Keywords: Islamic State, Islamic caliphate, modern nation-state, religious law and order

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1 Examining Terrorism through a Constructivist Framework: Case Study of the Islamic State

Authors: Shivani Yadav

Abstract:

The Study of terrorism lends itself to the constructivist framework as constructivism focuses on the importance of ideas and norms in shaping interests and identities. Constructivism is pertinent to understand the phenomenon of a terrorist organization like the Islamic State (IS), which opportunistically utilizes radical ideas and norms to shape its ‘politics of identity’. This ‘identity’, which is at the helm of preferences and interests of actors, in turn, shapes actions. The paper argues that an effective counter-terrorism policy must recognize the importance of ideas in order to counter the threat arising from acts of radicalism and terrorism. Traditional theories of international relations, with an emphasis on state-centric security problematic, exhibit several limitations and problems in interpreting the phenomena of terrorism. With the changing global order, these theories have failed to adapt to the changing dimensions of terrorism, especially ‘newer’ actors like the Islamic State (IS). The paper observes that IS distinguishes itself from other terrorist organizations in the way that it recruits and spreads its propaganda. Not only are its methods different, but also its tools (like social media) are new. Traditionally, too, force alone has rarely been sufficient to counter terrorism, but it seems especially impossible to completely root out an organization like IS. Time is ripe to change the discourse around terrorism and counter-terrorism strategies. The counter-terrorism measures adopted by states, which primarily focus on mitigating threats to the national security of the state, are preoccupied with statist objectives of the continuance of state institutions and maintenance of order. This limitation prevents these theories from addressing the questions of justice and the ‘human’ aspects of ideas and identity. These counter-terrorism strategies adopt a problem-solving approach that attempts to treat the symptoms without diagnosing the disease. Hence, these restrictive strategies fail to look beyond calculated retaliation against violent actions in order to address the underlying causes of discontent pertaining to ‘why’ actors turn violent in the first place. What traditional theories also overlook is that overt acts of violence may have several causal factors behind them, some of which are rooted in the structural state system. Exploring these root causes through the constructivist framework helps to decipher the process of ‘construction of terror’ and to move beyond the ‘what’ in theorization in order to describe ‘why’, ‘how’ and ‘when’ terrorism occurs. Study of terrorism would much benefit from a constructivist analysis in order to explore non-military options while countering the ideology propagated by the IS.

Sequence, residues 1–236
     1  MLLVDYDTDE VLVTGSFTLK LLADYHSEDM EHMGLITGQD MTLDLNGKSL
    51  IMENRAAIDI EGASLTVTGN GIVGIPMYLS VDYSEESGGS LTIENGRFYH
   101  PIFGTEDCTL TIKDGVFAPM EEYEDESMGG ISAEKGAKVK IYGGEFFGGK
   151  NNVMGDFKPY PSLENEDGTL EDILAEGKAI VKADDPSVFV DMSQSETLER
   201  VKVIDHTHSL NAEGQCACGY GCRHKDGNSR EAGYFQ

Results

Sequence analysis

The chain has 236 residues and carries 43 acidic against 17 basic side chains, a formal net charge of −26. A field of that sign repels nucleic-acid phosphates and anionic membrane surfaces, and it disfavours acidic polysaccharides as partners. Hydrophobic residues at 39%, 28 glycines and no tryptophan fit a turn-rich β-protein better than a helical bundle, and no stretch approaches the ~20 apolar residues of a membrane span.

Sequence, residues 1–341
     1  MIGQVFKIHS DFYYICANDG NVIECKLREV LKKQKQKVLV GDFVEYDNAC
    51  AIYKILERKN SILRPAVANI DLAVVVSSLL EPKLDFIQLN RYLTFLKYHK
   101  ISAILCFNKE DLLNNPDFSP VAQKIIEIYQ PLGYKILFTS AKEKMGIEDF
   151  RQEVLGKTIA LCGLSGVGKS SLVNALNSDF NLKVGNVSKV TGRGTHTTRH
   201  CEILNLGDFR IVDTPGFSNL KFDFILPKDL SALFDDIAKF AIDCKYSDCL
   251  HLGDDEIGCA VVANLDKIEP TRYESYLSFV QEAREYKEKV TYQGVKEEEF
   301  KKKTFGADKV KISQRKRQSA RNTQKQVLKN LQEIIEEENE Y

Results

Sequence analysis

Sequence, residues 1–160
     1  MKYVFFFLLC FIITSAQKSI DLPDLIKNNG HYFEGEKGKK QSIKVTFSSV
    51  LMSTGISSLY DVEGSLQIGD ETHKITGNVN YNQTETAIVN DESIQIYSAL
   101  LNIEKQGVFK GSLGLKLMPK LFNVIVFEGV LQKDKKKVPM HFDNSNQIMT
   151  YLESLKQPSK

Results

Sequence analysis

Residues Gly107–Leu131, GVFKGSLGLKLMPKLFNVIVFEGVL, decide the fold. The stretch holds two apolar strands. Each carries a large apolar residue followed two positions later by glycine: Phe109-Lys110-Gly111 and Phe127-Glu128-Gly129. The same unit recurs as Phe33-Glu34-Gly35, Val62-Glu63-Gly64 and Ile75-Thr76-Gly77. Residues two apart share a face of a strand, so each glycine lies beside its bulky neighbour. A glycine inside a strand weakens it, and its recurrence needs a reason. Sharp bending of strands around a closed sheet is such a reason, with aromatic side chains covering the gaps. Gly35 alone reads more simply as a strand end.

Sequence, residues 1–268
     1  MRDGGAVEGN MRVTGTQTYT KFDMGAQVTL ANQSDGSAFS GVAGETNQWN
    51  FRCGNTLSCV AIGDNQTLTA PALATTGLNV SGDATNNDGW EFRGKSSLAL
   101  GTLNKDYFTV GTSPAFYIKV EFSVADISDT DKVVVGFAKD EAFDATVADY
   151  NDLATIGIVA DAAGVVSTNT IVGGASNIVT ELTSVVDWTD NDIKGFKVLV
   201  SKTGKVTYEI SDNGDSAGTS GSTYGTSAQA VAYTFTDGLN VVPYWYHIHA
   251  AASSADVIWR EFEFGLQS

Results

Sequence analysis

Keywords: constructivism, Counter terrorism, Islamic State, politics of identity